Diane Brandt

November 5, 2019

Thank you for the information. I was reminded about the gas topping off error. I like reminders. Thank you

Andrew

November 5, 2019

@Clark Mefford. Is that the brake wear, brake replacement light? Or the brake light that comes on at the rear of the vehicle when you depress the brake pedal?

If it is the break wear light, the fix is easy. Some pads have a wire in them, when the pad wears down to the wire the light comes on as it completed the circuit to the light. Some pads don’t have this wire, so if the mechanic puts these pads on, he has to do something with the wire on the vehicle. My guess is that he either taped it up somewhere and it is touching metal, or he taped it up on a suspension strut and the insulation has rubbed through and completed the circuit.

If it is the normal brake light at the rear of the car, there is either an electronic pressure switch on the master cylinder or a physical switch on the pedal itself. You can test these with a meter.

David

November 6, 2019

The button above your brake pedal is probably stuck closed. It’s located under the dash and is depressed when you push on the brake pedal. Most people don’t know it’s there.

Peter Hopper

November 6, 2019

Try you brake switch on the brake pedal as the switch plunger sometimes sticks and your brake lights will stay on

Peter Garcia

November 3, 2019

Thanks for the information regarding the use of your device.

Fred Raaflaub

November 5, 2019

Manufacturers should design it so tank won’t top up or gas won’t flood into the carbon filter.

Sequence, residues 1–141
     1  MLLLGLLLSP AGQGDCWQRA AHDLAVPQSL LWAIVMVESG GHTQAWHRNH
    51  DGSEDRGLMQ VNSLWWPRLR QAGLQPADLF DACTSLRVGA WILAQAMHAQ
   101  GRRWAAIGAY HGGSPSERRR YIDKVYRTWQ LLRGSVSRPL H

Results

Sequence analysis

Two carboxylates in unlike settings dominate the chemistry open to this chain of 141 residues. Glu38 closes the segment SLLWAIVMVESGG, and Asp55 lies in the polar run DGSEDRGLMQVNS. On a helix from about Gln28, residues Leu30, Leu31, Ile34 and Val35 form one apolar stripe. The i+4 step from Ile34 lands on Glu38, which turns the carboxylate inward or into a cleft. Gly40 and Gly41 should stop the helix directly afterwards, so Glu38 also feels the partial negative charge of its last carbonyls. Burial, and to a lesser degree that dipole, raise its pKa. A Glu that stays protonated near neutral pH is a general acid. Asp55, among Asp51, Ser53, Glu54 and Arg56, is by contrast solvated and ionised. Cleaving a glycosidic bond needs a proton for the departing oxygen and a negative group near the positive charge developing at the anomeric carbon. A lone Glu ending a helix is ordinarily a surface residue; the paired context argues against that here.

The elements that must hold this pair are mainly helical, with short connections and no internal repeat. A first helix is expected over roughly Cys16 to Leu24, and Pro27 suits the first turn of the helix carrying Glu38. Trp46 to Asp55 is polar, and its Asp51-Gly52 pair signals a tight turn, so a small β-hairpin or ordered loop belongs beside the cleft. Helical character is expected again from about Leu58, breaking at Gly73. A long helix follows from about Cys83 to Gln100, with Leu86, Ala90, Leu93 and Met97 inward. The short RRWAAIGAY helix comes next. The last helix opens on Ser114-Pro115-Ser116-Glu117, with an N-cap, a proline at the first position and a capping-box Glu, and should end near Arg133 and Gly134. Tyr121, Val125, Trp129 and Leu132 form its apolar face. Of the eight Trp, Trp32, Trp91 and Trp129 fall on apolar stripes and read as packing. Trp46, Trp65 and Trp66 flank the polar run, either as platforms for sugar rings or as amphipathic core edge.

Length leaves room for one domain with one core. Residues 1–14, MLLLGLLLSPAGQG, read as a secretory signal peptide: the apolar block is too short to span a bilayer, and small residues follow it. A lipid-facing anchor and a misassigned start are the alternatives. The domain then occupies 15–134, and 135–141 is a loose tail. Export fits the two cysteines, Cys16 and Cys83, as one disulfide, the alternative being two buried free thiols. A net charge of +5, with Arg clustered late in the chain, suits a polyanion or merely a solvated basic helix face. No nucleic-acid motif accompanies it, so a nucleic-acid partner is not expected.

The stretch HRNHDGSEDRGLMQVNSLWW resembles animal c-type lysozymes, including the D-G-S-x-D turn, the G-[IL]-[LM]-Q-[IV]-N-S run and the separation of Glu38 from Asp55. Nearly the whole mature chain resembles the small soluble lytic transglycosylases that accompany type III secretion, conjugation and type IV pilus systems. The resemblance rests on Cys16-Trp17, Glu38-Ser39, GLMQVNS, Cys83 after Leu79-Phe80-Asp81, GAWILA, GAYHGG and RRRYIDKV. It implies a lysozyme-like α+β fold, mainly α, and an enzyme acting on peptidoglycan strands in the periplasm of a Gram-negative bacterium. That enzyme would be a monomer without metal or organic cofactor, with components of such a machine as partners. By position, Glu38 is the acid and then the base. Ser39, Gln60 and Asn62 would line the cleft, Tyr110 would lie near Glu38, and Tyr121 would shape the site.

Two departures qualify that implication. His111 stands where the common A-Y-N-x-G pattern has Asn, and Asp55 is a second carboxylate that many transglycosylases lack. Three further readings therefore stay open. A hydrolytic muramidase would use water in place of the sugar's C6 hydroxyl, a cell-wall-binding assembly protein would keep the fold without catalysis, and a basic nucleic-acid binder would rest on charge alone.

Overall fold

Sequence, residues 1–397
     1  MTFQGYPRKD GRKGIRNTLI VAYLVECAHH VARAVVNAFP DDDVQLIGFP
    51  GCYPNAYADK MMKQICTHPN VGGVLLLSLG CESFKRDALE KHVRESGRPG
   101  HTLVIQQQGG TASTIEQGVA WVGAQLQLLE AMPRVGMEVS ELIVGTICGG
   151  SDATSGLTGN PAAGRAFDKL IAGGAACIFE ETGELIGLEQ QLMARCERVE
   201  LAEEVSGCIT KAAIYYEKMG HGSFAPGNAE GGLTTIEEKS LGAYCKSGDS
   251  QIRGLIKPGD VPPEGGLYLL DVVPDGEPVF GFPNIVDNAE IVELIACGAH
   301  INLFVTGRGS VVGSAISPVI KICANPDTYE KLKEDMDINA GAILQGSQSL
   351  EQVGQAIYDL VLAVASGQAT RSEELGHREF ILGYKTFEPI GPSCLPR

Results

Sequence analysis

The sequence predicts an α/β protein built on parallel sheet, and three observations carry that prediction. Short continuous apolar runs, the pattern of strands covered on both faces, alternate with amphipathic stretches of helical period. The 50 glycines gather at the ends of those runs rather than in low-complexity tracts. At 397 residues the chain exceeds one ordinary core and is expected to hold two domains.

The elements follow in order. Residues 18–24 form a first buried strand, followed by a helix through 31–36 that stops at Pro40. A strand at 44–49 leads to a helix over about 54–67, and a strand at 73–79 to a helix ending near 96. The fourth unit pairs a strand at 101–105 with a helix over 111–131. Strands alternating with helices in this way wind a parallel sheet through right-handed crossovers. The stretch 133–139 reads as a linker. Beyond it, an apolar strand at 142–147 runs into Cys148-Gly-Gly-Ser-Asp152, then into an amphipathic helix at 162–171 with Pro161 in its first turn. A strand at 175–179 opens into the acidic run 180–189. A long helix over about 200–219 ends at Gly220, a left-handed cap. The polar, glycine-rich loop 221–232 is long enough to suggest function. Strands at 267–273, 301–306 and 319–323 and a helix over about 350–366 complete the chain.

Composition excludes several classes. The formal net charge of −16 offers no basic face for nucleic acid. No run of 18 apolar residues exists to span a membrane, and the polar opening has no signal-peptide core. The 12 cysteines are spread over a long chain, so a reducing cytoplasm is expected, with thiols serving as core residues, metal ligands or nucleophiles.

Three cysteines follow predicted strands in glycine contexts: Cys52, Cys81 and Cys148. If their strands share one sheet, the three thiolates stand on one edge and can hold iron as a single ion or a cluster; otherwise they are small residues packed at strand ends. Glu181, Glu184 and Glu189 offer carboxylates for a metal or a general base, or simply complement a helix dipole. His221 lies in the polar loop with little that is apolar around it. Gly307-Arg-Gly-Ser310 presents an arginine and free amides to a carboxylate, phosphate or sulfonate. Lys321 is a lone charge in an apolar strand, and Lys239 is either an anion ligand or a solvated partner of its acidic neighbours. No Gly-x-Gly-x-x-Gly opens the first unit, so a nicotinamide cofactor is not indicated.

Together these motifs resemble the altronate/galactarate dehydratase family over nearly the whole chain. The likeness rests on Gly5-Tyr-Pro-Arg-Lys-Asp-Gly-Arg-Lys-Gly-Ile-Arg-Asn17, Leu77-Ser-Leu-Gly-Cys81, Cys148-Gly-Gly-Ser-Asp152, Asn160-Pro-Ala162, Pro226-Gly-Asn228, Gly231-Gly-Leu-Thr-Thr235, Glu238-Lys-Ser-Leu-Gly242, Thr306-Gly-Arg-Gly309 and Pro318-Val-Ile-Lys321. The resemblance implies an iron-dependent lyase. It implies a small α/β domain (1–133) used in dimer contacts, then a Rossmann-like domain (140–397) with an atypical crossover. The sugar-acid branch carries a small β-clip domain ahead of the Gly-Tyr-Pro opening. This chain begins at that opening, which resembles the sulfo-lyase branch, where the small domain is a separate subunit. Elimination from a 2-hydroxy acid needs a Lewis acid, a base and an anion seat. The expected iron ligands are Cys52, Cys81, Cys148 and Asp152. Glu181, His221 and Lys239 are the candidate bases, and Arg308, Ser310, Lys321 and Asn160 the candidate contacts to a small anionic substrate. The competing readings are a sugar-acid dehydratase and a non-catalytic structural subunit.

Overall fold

Jim Patterson

November 5, 2019

Unfortunately we have no control over the weather so I am not able to practise some of your recommendations. I must admit that one I will certainly follow is not to “overfill” the gas tank.
Thanks for the tips!

Andrew

November 5, 2019

All good advice. Can I mention an issue with the device and app. I got my car serviced last week and checked to make sure the dealership had not removed the device. I checked the app and it told me my oil was due for a change. As I had just had it done, I tried to pt in the mileage that the car was now. It wouldn’t accept it and gave a message that is must be in the past. I changed it to a few miles previous and it wouldn’t accept that either. It should take the mileage of your current oil change that then remind you at the interval you set as the change interval. Thanks, it is a great device.

Othel Terrell jr

November 15, 2019

You guys are the angel of drivers, who care and want the long life span, of an owned vehicle.

Mags

November 5, 2019

Is adding automatic transmission fluid still considered life-extending for the engine?